As far as "rule airspace" goes, Charlotte is nice about entry into Bravo, but i don't go there often. ATL tells me when VFR to "stay out of the Bravo," and when passing by IFR they give me a choice between HEFIN and SINCA. They have always refused my requests for T Routes, too, sending me back to SINCA.

And my C doesn't climb well above 10,000 msl.

So remind me about the great benefits I'm missing by not equipping? Seeing how much traffic is out that that's not a conflict?

Hank,

No need to get mad.

I don't use ADS-B to avoid thunderstorms.  We are pretty lucky out here on the left coast.  We don't get many thunderstorms.  There are several things I can get from ADS-B that you cannot get from your stormscope.  I can look at developing weather hundreds of miles ahead of me.  I can check the current weather at my destination and alternate.  If I don't like the weather there I can use it to look at weather and NOTAMS at other airports.  I can use it to look at PIREPS.

You may well be able to avoid ADS-B airspace and may not need ADS-B OUT.  Lucky you.  If I didn't need it I might not install it either.  Without ADS-B we won't be able to legally operate within 30 miles of any Class B airport unless we get a case by case approval and the FAA recently said we should not expect to get that on a continuing basis.  We also won't be able to operate in, under, or over Class C airspace.  They are, however, pretty small and fairly easy to fly around.  Unless of course you want to land at an airport inside those rings.

It looks like you are from Alabama and other than Mobile and the Pensacola area to the east and MSY, BTR, and JAN to the west, there aren't a lot of chunks of airspace you'll have to avoid.

All we are saying is that having ADS-B IN for traffic is really nice for helping to put eyes on traffic that could really ruin our day.

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3 hours ago, steingar said:

I don'T worry about clouds, I worry about weather systems.  Flying at Mooney speeds you hit them.  Flying into deteriorating conditions has killed an order of magnitude more pilots than midair collisions, unless said collision was into terrain they couldn't see because of the weather.

I don't know what your experience or ratings are... I don't worry about weather systems... most IFR pilot come to "fear" only 2 "weather" conditions: t'storm cells and ice. Staying clear of both requires experience and judgement but is not often very difficult. It's pretty much on the pilot, aided by weather briefings and on board information from weather radar, stormscope, ADS-B displays. Continued flight into IMC is a problem pretty much limited to VFR pilots.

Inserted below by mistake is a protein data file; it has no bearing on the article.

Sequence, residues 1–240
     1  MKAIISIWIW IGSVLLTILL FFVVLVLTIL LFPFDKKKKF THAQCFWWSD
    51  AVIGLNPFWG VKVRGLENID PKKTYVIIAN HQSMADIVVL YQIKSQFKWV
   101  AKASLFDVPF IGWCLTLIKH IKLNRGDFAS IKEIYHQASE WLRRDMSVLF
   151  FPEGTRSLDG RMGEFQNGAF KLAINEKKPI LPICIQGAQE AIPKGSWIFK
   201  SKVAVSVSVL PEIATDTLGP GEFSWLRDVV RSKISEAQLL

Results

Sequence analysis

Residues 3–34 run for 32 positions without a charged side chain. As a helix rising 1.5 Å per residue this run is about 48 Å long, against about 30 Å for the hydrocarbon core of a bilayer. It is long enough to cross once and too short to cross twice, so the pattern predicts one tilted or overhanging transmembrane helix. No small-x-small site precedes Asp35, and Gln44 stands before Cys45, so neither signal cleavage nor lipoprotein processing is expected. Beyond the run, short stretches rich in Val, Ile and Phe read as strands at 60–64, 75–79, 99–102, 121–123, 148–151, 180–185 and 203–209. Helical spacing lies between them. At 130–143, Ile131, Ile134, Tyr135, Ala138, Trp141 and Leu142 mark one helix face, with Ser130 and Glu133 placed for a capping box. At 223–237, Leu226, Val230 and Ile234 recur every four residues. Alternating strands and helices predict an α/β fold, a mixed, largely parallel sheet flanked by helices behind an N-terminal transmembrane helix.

IMO (as a long time instrument pilot) you are foolish to ignore/minimize the risk of midair collision because the stats include more pilots run out of gas or lose control of their steed when they press on into IMC. I suspect that in the vast majority of those accident reports the bottom line is "pilot error". OTOH when a jet fighter runs over some poor soul puttering along at 100 kts or a midair occurs between a high wing and a low wing on final at an uncontrolled field it is likely that there is at least one dead pilot and his family who is completely innocent.  

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1 hour ago, Hank said:

My stormscope gives realtime weather, while your ADSB weather is somewhere between 15-30 minutes old when it is sent out, and even older before an update is sent.

As far as "rule airspace" goes, Charlotte is nice about entry into Bravo, but i don't go there often. ATL tells me when VFR to "stay out of the Bravo," and when passing by IFR they give me a choice between HEFIN and SINCA. They have always refused my requests for T Routes, too, sending me back to SINCA.

And my C doesn't climb well above 10,000 msl.

So remind me about the great benefits I'm missing by not equipping? Seeing how much traffic is out that that's not a conflict?

Hank, you don't seem to know just how much you're missing not having ADS-B in. Trust me, you'd love it.

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We  don’t have ADS-B in Canada although we are close enough to enjoy the benefits of your fine system.  I installed active traffic after a very close call.  Thankfully mid air collisions are indeed rare, my brother was in one and survived, the other airplane suffered 2 fatals.

Clarence